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Medicare Basics

ORIGINAL MEDICARE
Medicare Parts A and B together comprise what is known as Original Medicare.

Medicare Part A – Hospital Coverage is offered to nearly everyone eligible for Medicare at no cost. If you have been employed and paid into the Medicare program through payroll taxes for approximately ten years, you don't pay a premium for Part A coverage. Part A includes coverage for inpatient hospital services, skilled nursing facilities, home health care, and hospice care. 
Medicare Part B – Medical Coverage, available to most individuals eligible for Medicare, for a monthly premium covering physician services, outpatient care, durable medical equipment, preventive care, and laboratory services. Medicare Part B does not have a 'stop loss limit.' This means you will pay 20% of the balance due for medical expenses, regardless of the amount.

Medicare Part D – Prescription Drug Coverage
Medicare prescription drug plans provide coverage for generic and brand-name drugs.
• Plans are regulated by Medicare but administered by private insurance companies
• Premiums and cost shares will vary depending on the plan.

Medicare Part C - Medicare Part C is also called Medicare Advantage. You still need to enroll in Medicare Parts A and B to enroll in a Medicare Advantage plan, but you receive your benefits from one plan rather than Original Medicare. Many Part C plans offer additional benefits, and some include Medicare Part D prescription drug benefits.

  • Usually, they have lower out-of-pocket expenses and copays than Original Medicare.

  • Administered through private insurance carriers.

  • Benefits are equal to or greater than Original Medicare .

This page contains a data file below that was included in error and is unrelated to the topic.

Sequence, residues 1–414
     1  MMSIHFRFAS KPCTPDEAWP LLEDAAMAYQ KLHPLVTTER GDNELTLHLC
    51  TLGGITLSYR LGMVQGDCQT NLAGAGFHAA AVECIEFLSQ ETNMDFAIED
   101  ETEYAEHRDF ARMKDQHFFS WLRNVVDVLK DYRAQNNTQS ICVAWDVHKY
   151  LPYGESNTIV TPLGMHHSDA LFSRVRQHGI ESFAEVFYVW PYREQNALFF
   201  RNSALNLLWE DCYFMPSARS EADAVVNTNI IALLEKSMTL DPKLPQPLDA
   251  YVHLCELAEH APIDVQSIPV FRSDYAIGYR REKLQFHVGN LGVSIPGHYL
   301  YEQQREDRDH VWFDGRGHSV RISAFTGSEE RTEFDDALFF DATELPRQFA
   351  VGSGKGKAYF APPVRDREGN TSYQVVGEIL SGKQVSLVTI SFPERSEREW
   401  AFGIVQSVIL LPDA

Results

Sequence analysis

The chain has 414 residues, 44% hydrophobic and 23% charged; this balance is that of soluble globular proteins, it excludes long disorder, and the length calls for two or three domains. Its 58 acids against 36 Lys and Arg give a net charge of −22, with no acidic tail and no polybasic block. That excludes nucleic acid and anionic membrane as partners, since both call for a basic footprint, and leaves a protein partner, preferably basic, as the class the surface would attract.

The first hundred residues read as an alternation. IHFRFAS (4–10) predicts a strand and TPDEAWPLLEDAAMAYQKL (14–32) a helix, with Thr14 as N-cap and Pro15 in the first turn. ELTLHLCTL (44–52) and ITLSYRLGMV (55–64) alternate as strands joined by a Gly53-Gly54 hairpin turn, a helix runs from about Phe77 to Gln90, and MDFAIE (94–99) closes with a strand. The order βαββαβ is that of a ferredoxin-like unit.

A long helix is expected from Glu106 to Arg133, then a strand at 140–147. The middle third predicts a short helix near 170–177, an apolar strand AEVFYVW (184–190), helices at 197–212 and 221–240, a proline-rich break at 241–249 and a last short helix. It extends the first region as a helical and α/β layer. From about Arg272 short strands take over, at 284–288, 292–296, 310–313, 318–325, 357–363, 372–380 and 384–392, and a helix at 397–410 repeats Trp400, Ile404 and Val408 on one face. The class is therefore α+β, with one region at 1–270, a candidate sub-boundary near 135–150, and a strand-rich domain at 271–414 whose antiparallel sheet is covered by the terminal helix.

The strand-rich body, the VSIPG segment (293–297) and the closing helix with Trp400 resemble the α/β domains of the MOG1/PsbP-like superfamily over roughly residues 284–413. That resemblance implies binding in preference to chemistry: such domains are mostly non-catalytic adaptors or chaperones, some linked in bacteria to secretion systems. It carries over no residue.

Original Medicare
Enrollment Tips

  1. You can still work and get Medicare. If you’re 65 or over, still on the job, and work for an employer with 20 employees or fewer, Medicare must provide primary coverage for you. 

  2. Enroll in Medicare when you’re first eligible, even if you have other health coverage. Even if your former employer provides some retiree health benefits, you should sign up for Medicare when you’re first eligible to avoid penalties and coverage gaps. Then, employer-provided benefits provide a secondary layer of coverage. 

  3. Don’t think because you have Medicare, your coverage and costs won’t change. If your plan’s cost and coverage remain the same, your health or finances may change. Review your plan each year to make sure it still meets your needs. 

  4. If you have Medicare or will soon enroll, you may be eligible for a Low-Income Subsidy or Extra Help. But you must apply. Millions of dollars are left unspent each year because Medicare beneficiaries don’t know help is available (see pages 18 and 19). 

  5. Original Medicare doesn’t cover everything. You’ll have gaps in care with Original Medicare, but in rural areas, your coverage will extend to doctors and hospitals outside a Medicare Advantage network that accepts Medicare.

Source: Making the Most of Medicare, published by Blue Cross and Blue Shield of Nebraska - See documents under the resources tab.

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Medicare Eligibility

When are you eligible? For most, eligibility is the first of the month you turn 65 unless your birthday is the first of the month. Then, your Medicare coverage starts the month before you turn 65. A good time to reach out to Social Security is within 90 days of the first of the month in which your birthday falls.​​